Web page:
If help doesn’t reach fast, there is an imminent threat of an outbreak of diarrhoea and other water-borne diseases that will further risk the lives of millions of children and others, the NGO said.

“Thirteen per cent of all under-five children in Andhra Pradesh are already acutely malnourished. The high levels of acute malnutrition in this region mean that children are far more likely to die of diarrhoea and acute respiratory disease -the biggest killers of children in India,” Thomas Chandy, CEO of Save the Children, said.

P. Raghu of ActionAid, another international NGO working for the flood victims in both Andhra Pradesh and Karnataka, added: “Our flood rescue teams are overwhelmed. Thousands are still languishing without food and water.”

According to Save the Children, over 2,75,000 people have been forced to flee their homes, leaving behind everything. Two hundred villages have been completely submerged. “Children are most vulnerable in any emergency and the floods come on top of an already dire situation. This is a crisis on top of an emergency,” Mr. Chandy said.

“Around 3,50,000 children under five die annually of diarrhoea in India and this time we fear the worst. We need corporate houses, individuals, everyone to come forward to strengthen our efforts on the ground. Any little help that we receive will ensure that one more child will be safe, healthy and protected.”

.8,000 sq-km submerged in a day

 

Vijaywada, Oct. 6 — The furious river waters sheared for days through farmland and homes, inundating 20 lakh acres every day – Delhi five times over, or 13 cities the size of Mumbai. The Krishna rushed in from the Almatti dam in Karnataka and submerged 8,000 sq-km of land in a day. It now stands at the gates of the British colonial-era Prakasam Barrage in Andhra Pradesh next door, and a breach here could submerge vast swathes in the state’s rice-rich Krishna and Guntur districts. The Prakasam barrage is a key passageway for the Krishna, which meanders through Karnataka and Andhra Pradesh on way to the Bay of Bengal. On Tuesday, hundreds jostled here despite restrictions. Nearby, on a hillock, is the Kanaka Durga temple. People here believe that the day the idol is submerged, the entire city of Vijaywada will be washed away. If it does, it would be blamed on tardy cooperation between the two states. Until Saturday night, Andhra Pradesh did not evacuate people from the catchment of the Nagarjunasagar Dam as the Karnataka government assured that no more water would be released from its Srisalam dam. But as floodwaters poured in, gates were opened at Srisalam, worsening the situation. “There appeared to be a breakdown of communication between the two neighbouring states,” said a senior official of the National Disaster Management Authoritry (NDMA), speaking on condition of anonymity due to the sensitivity of the subject. But technology might soon make up for government delays. NDMA member NVC Menon said that by 2012, people would be alerted about rising water within minutes of it being tracked by satellites. Sloth after natural disasters is a annual story in India, a flood prone nation where tackling flooding comes under the states’ domain and New Delhi’s financial assistance since 2007 of Rs 8,000 crore (Rs 80 billion) has shown few results. Then, there is the lack of accountability.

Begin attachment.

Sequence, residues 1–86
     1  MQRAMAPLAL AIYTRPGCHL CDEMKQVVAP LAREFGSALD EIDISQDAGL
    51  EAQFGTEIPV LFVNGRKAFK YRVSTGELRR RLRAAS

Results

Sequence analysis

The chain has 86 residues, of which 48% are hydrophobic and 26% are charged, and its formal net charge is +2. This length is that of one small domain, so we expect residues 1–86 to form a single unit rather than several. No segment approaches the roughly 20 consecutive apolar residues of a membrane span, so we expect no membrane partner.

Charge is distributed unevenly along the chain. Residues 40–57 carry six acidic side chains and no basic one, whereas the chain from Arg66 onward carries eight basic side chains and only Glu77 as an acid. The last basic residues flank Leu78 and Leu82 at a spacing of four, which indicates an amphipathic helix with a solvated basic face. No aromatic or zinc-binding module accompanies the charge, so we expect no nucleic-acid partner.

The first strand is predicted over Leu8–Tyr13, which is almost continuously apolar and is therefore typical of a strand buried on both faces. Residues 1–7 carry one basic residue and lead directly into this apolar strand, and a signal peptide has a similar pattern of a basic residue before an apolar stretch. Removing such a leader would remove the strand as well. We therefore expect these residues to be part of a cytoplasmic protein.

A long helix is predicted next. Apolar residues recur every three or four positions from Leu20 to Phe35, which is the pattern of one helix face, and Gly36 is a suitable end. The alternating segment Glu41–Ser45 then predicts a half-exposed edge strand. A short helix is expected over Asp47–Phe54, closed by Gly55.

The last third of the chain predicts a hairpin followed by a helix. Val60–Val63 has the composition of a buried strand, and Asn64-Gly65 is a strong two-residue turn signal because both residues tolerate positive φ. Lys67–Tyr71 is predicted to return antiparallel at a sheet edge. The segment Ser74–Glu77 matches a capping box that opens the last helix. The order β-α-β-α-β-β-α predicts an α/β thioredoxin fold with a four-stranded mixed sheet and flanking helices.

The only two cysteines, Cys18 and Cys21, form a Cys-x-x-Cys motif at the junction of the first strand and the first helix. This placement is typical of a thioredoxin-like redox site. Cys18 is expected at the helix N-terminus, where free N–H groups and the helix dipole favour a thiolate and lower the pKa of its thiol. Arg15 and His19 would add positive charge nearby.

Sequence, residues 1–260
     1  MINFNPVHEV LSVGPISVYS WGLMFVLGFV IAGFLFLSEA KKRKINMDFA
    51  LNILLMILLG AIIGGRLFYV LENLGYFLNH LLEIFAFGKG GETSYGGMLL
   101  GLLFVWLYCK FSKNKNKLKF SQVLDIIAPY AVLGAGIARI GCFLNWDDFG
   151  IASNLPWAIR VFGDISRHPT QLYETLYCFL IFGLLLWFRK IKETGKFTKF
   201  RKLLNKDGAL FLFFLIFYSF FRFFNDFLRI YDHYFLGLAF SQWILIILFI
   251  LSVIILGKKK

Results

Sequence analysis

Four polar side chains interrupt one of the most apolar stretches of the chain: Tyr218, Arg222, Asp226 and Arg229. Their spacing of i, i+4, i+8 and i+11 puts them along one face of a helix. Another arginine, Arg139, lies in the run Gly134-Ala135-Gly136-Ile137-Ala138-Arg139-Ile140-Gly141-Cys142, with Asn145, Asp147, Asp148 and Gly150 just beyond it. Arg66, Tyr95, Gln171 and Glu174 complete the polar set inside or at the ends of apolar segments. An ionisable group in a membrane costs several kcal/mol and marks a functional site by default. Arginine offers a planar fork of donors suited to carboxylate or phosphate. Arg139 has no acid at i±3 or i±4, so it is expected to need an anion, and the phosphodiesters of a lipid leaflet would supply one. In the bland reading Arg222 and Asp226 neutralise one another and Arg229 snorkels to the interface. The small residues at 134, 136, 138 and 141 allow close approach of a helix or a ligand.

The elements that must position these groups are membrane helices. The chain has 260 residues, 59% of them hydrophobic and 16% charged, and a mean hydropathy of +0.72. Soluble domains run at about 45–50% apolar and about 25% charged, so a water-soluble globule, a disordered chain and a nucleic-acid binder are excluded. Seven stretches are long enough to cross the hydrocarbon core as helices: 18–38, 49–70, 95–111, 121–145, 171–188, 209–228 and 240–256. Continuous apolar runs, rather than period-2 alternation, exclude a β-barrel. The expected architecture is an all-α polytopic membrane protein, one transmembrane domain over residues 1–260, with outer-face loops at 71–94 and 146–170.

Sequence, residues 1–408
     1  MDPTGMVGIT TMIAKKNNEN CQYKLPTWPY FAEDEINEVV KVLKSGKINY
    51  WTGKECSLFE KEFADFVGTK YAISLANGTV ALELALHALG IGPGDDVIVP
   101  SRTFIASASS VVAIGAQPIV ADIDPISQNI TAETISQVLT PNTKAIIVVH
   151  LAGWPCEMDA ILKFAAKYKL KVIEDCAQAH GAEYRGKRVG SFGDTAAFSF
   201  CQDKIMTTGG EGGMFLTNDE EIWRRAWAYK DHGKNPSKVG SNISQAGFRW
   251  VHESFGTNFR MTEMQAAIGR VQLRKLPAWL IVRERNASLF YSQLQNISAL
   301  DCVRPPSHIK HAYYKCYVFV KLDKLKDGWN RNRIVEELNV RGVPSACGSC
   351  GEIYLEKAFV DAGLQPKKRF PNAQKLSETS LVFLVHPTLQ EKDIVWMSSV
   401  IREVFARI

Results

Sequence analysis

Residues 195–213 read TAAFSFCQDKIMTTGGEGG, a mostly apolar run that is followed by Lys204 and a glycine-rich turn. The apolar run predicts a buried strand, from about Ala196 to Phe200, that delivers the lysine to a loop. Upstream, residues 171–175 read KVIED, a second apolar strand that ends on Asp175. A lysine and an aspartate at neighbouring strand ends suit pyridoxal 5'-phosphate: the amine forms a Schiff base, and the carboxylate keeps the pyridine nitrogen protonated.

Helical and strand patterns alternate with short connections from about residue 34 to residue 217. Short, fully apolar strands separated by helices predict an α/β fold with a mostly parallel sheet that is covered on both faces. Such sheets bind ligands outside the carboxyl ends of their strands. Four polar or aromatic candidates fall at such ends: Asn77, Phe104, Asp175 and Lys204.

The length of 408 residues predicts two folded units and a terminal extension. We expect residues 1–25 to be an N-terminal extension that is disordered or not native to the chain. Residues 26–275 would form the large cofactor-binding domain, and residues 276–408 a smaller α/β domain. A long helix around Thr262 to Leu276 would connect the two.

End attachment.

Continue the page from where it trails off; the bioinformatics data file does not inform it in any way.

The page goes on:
“In the last 60 years, not a single engineer has ever been charged or punished for mismanagement of these dams,” he said.

Hindustan Times

.Millions homeless as flood claims 260 lives in K’taka, AP

 

Even as the centre assured Andhra Pradesh and Karnataka that funds were not a constraint to rehabilitate the flood-ravaged people in the two states, fresh flooding inundated dozens of villages in Krishna and Guntur districts in Andhra Pradesh.

The rain and flood havoc that began Sep 30 in the northern districts of Karnataka and moved to engulf neighbouring areas in Andhra Pradesh have so far claimed around 260 lives in the two states and has left millions homeless.

According to an official statement, the toll in Karnataka is 206 and fifty-two deaths have been reported in Andhra Pradesh.

The Karnataka government has estimated the loss to property and crops at Rs.20,000 crore. Andhra Pradesh has put its losses at Rs.12,500 crore.

Apart from claiming 52 lives, the floods in Andhra Pradesh have affected over 1.6 million people in five districts. Half a million people are homeless.

In Karnataka, around 290,000 houses have been partially or fully damaged in around 1,500 villages and over 5,000 cattle have perished. About 660,000 people have taken shelter in over 1,600 relief camps.

Meanwhile, Prime Minister Manmohan Singh sanctioned ex-gratia of Rs.100,000 each to the families of those killed in the floods in Andhra Pradesh, Karnataka, Maharashtra and Goa.

In a statement, the prime minister expressed grief over the loss of lives in the four states. The ex-gratia would be paid from the Prime Minister’s National Relief Fund to the next of kin of the deceased.

Centre also sanctioned Rs five crore to Goa as relief fund after its bordering Canacona taluka faced worst ever floods last weekend. Goa Chief Minister Digamber Kamat met

Prime Minister Manmohan Singh in Delhi and apprised him of the situation.

After that a Central team will be sent to Goa to assess the damage. “The Prime Minister has assured Kamat maximum financial aid for the state,” the spokesman added.

Yahoo! India News